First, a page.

The PaK 36 only had a single plate of 4.4mm.   The PaK 38 had two 4mm spaced plates.   So that is the timeframe this occured.


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#14 Ssnake

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Posted 11 October 2019 - 0347 AM

I suppose the gun shields were mostly intended as protection against HE fragments, MG fire, and snipers. For the latter with AP rounds, a layered shield probably works better.


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#15 seahawk

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Posted 11 October 2019 - 1224 PM

According to the notes of my grandfather - mostly to protect against spalling from normal ball rounds.


Edited by seahawk, 11 October 2019 - 1225 PM.

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#16 KV7

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Posted 12 October 2019 - 0355 AM

According to the notes of my grandfather - mostly to protect against spalling from normal ball rounds.

Yeah, as I argued above:

'But a thinner plate can be made harder before shattering is a problem, and a two plate array can use harder steel without worrying so much about spalling from non penetrating hits.'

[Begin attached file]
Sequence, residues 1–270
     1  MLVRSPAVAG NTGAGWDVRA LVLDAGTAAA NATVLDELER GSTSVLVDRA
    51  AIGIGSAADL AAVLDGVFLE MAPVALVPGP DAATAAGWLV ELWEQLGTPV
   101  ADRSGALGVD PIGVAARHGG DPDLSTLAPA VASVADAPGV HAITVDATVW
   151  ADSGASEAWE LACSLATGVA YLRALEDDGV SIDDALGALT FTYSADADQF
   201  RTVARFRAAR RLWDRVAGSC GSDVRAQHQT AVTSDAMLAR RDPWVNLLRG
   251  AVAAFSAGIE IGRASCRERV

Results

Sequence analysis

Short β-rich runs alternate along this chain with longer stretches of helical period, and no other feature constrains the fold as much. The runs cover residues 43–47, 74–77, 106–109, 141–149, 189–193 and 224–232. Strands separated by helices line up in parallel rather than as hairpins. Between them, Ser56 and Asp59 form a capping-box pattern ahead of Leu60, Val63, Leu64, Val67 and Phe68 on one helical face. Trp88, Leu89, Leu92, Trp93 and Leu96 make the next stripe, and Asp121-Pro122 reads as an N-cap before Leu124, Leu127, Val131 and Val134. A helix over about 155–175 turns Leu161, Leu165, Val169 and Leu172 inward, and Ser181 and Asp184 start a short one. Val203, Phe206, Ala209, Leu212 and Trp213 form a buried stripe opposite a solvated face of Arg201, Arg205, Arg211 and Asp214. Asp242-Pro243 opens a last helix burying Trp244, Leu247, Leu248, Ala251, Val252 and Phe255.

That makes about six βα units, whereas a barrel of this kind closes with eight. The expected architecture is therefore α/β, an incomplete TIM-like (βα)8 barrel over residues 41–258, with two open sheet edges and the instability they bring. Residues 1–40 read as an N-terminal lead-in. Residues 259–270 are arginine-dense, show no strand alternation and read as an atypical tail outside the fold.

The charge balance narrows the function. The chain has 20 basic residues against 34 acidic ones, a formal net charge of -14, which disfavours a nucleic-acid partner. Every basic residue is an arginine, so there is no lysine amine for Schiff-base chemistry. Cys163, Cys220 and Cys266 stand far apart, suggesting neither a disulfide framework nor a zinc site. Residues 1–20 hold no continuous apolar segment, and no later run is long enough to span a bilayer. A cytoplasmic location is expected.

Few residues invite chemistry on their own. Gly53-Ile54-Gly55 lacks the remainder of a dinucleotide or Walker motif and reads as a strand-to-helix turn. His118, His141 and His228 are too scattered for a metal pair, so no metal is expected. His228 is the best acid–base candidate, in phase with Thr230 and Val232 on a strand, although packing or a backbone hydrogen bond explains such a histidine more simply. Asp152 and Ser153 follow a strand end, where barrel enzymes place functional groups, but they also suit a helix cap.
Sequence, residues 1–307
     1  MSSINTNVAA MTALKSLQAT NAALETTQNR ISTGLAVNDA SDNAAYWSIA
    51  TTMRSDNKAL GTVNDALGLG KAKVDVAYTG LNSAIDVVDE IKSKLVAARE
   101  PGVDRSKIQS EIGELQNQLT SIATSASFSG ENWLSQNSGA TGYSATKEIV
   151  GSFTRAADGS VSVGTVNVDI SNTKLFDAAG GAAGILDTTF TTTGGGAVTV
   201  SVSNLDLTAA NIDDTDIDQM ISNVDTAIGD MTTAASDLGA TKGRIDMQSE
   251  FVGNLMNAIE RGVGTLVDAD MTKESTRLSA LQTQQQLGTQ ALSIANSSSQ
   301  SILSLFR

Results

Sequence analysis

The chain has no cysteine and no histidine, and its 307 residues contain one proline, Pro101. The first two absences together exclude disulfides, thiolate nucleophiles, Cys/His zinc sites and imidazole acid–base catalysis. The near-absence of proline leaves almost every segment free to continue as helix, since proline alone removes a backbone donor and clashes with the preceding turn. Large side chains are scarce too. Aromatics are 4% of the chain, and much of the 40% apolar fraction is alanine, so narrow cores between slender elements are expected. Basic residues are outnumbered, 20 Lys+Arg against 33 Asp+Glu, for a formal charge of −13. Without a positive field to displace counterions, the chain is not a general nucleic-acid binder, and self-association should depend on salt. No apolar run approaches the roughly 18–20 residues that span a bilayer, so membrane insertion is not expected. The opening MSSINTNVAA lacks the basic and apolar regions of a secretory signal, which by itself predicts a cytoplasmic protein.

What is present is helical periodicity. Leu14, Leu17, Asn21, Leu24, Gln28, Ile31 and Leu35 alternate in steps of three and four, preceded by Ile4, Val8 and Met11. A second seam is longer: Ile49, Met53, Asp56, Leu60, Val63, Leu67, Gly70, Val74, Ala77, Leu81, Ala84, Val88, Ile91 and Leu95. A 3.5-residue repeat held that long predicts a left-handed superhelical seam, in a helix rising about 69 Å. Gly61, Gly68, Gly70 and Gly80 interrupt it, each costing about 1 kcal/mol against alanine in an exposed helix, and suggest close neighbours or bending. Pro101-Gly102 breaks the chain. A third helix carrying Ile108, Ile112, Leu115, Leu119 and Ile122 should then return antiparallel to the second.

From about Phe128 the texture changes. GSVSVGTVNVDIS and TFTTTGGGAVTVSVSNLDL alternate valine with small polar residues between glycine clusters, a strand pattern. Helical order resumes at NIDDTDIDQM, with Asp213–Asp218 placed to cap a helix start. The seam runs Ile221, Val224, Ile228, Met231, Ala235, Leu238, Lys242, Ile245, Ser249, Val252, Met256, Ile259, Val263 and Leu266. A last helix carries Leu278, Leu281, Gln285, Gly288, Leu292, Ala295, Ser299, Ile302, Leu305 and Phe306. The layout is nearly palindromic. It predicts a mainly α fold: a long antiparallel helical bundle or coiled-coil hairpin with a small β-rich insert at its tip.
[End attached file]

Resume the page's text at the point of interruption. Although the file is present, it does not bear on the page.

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#17 Mobius

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Posted 12 October 2019 - 1050 AM

In the same timeframe the single layer gunshields also increased in thickness. 45mm M.1937 Anti-Tank Gun 4.5mm @ 42°.

Where 45mm M.1942 Anti-Tank Gun 7mm @ 42°.


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#18 lastdingo

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Posted 16 October 2019 - 0509 AM

I remember that a book mentioned in context of mini subraines of 1944-1945 that 4 mm metal sheets were much more easily worked (bent) than thicker ones. The hulls were thus made of 4 mms teel, which limited their maximum depth.

 

I suppose the same technical limitations may have led to the twin 4 mm PaK shield.

 

Personally, I supect the outer plate was hardened and the 2nd plate was more ductile, but I've never seen this confirmed anywhere.


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#19 KV7

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Posted 16 October 2019 - 0637 AM

I remember that a book mentioned in context of mini subraines of 1944-1945 that 4 mm metal sheets were much more easily worked (bent) than thicker ones. The hulls were thus made of 4 mms teel, which limited their maximum depth.

 

I suppose the same technical limitations may have led to the twin 4 mm PaK shield.

 

Personally, I supect the outer plate was hardened and the 2nd plate was more ductile, but I've never seen this confirmed anywhere.

And 4mm sheets of quite high hardness can probably be cold worked to a large radius curve, and hence don't need additional heat treatment.

 


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#20 Colin

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Posted 25 October 2019 - 1031 AM

The Soviets issued ATR's most prolifically so I expect that suppressive fire onto any AT gun spotted would be significant?